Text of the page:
• While angular is a client-side-only technology and it’s possible to create angular web apps that don’t require a back-end server at all, it is recommended to host the project files using a local web-server during development to avoid issues with security restrictions (sandbox) in browsers. The sandbox implementation varies between browsers, but quite often prevents things like cookies, xhr, etc to function properly when an html page is opened via file:// scheme instead of http://.

Producing JWT tokens

To produce the JWT token i’ll be using the Nimbus JOSE+JWT Java library, which implements the Javascript Object Signing and Encryption (JOSE) suite of specifications as well as the closely related JSON Web Token (JWT) specification.

Technologies used:

  • Apache Maven 3.0.5
  • Nimbus JOSE+JWT 2.16
  • Java 7


First, let’s add maven dependency for Nimbus JOSE+JWT lib:



…and start composing the JWT reserved claims right away:

JWTClaimsSet jwtClaims = new JWTClaimsSet();
List aud = new ArrayList<>();
jwtClaims.setExpirationTime(new Date(new Date().getTime() + 1000*60*10));
jwtClaims.setNotBeforeTime(new Date());
jwtClaims.setIssueTime(new Date());

as you can see, we’re setting up all of the Reserved Claim Names mentioned in my earlier post on JWT (ie. Issuer, Subject, Audience, Expiration Time (to 10 minutes), Not Before Time, Issued At Time and the JWT ID) and using random UUID as the identifier of the token.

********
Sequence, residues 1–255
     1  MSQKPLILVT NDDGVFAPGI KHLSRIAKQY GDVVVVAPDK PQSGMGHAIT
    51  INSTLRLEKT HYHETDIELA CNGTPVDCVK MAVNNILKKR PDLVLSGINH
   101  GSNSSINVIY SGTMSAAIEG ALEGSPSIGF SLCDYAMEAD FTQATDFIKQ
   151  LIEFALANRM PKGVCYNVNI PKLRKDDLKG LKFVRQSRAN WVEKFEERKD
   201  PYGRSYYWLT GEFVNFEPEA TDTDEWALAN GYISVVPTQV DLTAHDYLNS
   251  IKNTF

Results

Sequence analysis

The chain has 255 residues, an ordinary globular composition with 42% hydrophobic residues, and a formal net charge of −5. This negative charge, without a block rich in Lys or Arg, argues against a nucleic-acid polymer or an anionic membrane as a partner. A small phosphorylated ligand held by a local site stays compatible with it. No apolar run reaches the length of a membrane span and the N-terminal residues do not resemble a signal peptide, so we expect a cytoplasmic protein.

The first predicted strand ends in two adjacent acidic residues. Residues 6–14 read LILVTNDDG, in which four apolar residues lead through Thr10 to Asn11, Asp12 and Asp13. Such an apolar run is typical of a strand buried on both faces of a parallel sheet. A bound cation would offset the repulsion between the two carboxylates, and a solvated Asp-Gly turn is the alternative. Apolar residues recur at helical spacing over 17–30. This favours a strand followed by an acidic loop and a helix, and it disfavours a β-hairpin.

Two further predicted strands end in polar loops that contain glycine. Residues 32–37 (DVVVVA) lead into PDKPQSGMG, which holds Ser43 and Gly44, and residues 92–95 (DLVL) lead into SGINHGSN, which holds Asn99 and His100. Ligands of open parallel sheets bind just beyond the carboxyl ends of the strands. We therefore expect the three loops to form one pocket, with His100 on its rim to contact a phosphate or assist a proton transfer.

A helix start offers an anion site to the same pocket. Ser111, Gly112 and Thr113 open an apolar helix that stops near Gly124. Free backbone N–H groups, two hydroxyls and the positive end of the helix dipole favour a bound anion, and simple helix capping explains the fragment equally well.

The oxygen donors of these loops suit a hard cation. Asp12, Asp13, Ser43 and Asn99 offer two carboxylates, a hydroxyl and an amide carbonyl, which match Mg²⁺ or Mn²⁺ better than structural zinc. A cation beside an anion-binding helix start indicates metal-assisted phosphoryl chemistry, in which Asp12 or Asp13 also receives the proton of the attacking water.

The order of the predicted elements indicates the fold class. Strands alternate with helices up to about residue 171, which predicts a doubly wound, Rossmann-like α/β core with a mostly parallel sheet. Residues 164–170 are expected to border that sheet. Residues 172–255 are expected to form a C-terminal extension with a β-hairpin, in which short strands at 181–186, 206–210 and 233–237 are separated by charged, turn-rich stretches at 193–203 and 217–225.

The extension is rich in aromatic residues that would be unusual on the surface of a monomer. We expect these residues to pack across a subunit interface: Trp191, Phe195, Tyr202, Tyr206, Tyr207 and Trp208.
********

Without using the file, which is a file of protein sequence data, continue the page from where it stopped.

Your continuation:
When printed out the above, you should see something similar to this:



now, let’s create the JWT header and specify RSA-OAEP as the encryption algorithm and 128-bit AES/GCM as the encryption method that will be used to protect the JWT token:

JWEHeader header = new JWEHeader(


next create the EncryptedJWT object that will be later used to perform the RSA encryption:

EncryptedJWT jwt = new EncryptedJWT(header, jwtClaims);


…create an RSA encrypter with the specified public RSA key:

RSAEncrypter encrypter = new RSAEncrypter(publicRsaKey);

(for details on how to generate RSA keys, please read my post on “RSA Keys Generation”)


and do the actual encryption:



finally, we can serialize to JWT compact form in order to print it out to the screen nicely:

String jwtString = jwt.serialize();


what you should see after performing the steps above, is something similar to this:



Now, if you’d like to read the data back from the token using your private RSA key, you’d have to do the following:

parse the above JWT string using EncryptedJWT object:

EncryptedJWT jwt = EncryptedJWT.parse(jwtString);


create a decrypter with the specified private RSA key:

RSADecrypter decrypter = new RSADecrypter(privateRsaKey);


do the decryption:



and print out the claims:

System.out.println("iss: " + jwt.getJWTClaimsSet().getIssuer());
System.out.println("sub: " + jwt.getJWTClaimsSet().getSubject());
System.out.println("aud: " + jwt.getJWTClaimsSet().getAudience().size());
System.out.println("exp: " + jwt.getJWTClaimsSet().getExpirationTime());
System.out.println("nbf: " + jwt.getJWTClaimsSet().getNotBeforeTime());
System.out.println("iat: " + jwt.getJWTClaimsSet().getIssueTime());
System.out.println("jti: " + jwt.getJWTClaimsSet().getJWTID());


resulting with the following output:

sub: Mariusz
aud: 2
exp: Fri Jul 12 12:32:40 CEST 2013